The fast development and increasing client base reflects the growing need for technology to keep up with customer demands. Expectations are higher, and people’s attention spans shorter, and Norton mentions the shift to mobile being particularly significant. “Diners want to order through their phones as they work through their emails, not just when they’re sat at a desk,” he explained.
A business that has capitalised on this quite recently is restaurant chain Hummus Bros. Co-founder Christian Mouysset said that lunchtime queues and a rush for a quick lunch, often meaning people were out off from queueing, prompted their decision to improve the ordering process. Teaming up with Judo Payments, they developed a mobile pre-ordering app so customers could place an order and pay in advance, to skip the ordering queue.
Despite having introduced the app within the past couple of months, Mouysset said that it is already making a difference. “Customers that have started using our app and telling us that it’s a huge difference to their day-to-day. And we’ve been surprised at how easy it is to process these orders – they print out 15 minutes before they need to be ready and the customers come straight to the collection point to pick it up.”
The positive feedback so far has meant Hummus Bros is looking to deploy more technology over the next couple of years. When asked about what might be next on the horizon, he said: “I see the next big innovation coming from bringing together self-checkout kiosks, pre-ordering apps, online ordering platforms and point of sale apps under one unified system.”
Mouysset admitted that the increasing pressure from customers expecting everything to be convenient and delivered quickly is a challenge. The increasing incorporation of, and reliance on, technology, also means there’s less room for the dining experience from his perspective. “I worry that all this reduces human interactions, though the pendulum will probably come back,” he said.
It’s not just the dining experience, which the development of technology is affecting. Bonativo, a startup which bills itself as bringing the farmers’ market online, is aiming to transform people’s accessibility to local produce, even in city areas. Christian Eggert started the project in Berlin after his mother frequently bought food from local farmers, and asked why she couldn’t just buy it online. He teamed up with Nigel Akehurst in the UK to bring Bonativo to London. They hope to provide Londoners with accessibility to high-quality locally sourced food, while helping small producers gain online exposure to more potential customers.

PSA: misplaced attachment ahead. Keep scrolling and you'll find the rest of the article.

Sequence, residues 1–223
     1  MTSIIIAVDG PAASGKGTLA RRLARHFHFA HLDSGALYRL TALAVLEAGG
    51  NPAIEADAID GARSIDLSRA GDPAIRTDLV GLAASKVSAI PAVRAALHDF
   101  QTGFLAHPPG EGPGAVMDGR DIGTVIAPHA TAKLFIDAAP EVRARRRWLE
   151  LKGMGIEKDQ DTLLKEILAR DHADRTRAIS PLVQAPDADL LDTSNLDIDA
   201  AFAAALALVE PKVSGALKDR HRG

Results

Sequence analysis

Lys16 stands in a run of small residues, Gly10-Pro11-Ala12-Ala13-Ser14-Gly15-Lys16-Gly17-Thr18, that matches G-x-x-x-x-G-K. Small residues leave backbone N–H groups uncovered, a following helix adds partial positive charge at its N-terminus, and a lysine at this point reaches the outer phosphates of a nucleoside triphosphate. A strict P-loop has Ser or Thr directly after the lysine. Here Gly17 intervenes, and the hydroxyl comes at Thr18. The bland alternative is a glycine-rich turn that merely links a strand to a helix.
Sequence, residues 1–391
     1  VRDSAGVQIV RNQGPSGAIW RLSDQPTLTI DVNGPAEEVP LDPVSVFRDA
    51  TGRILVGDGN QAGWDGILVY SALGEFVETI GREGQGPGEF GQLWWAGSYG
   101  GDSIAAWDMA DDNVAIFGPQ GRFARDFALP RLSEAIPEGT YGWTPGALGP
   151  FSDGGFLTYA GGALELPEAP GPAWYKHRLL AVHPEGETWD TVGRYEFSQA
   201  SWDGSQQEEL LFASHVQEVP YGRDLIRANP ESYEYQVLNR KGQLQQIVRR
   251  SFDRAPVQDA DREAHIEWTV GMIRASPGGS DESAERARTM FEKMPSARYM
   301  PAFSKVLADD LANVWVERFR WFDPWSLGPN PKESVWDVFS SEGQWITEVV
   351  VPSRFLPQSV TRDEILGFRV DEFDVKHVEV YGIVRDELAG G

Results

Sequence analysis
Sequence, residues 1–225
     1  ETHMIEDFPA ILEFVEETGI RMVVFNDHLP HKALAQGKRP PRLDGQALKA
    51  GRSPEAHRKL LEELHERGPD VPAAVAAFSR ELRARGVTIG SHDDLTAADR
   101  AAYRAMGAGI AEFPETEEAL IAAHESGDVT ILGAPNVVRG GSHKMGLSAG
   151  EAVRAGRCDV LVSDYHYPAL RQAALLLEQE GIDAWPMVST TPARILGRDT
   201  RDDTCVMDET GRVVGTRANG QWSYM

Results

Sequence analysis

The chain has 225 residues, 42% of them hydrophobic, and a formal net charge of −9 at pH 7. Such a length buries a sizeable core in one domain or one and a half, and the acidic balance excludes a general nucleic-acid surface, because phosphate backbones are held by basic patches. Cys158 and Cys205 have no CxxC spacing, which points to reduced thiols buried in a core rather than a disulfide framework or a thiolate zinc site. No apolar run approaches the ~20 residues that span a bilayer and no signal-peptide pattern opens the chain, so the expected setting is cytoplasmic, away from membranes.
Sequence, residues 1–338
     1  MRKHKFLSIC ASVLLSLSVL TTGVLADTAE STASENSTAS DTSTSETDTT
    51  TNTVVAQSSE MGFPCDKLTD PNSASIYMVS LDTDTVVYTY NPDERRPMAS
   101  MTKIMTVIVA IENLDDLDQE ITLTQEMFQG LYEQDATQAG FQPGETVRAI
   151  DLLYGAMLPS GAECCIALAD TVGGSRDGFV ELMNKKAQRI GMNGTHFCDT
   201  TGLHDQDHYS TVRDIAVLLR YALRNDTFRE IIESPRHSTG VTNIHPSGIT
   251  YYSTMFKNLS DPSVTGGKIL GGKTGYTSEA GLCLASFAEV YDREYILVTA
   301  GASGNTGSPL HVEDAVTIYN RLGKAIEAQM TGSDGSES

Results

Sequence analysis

Not only does it circumvent the issue of investigating where food comes from, it also provides fresh, local produce to urban areas quickly – a draw for busy Londoners. Orders are fulfilled within two days, and delivery is currently on offer for all of Zone 1 and 2, along with all south west London postcodes. Spokesperson Anouska D’Abo explained: “We try and fill all the basics someone needs for their weekly supermarket shop – milk, eggs, vegetables, main proteins, breads and so on. We pride ourselves on more unique products that are difficult to come by though, including quinoa and freshly made pasta.”
London, she added, was the obvious next step after Berlin, and the increasing sales of organic produce in recent years – rising four per cent to £1.86bn in 2014 – indicated Bonativo had a ripe market to tap into. “London has such a food-focused culture, it just seemed natural to open a branch in the UK. The momentum of the natural food movement was an indicator that we needed to be there, as there’s a demand for high quality, fresh food,” D’Abo explained.
As everything from pre-ordering to takeaways to the farmers’ market, makes the dining and food experience that much more seamless, there’s also scope for further ventures combining these developments further. While customer demands may keep growing, it seems these businesses at least, are welcoming the challenge.
Indeed, Norton believes there’s much more to come. “Dining isn’t something we do virtually, and it’s an area that big data hasn’t really touched. There’s no platform that really monitors what people are eating where and when.” He pointed to Google and Amazon, that have become attuned to anticipating our needs from years of big data and analytics. “We’re still on the nursery slopes in terms of food and leisure technology.”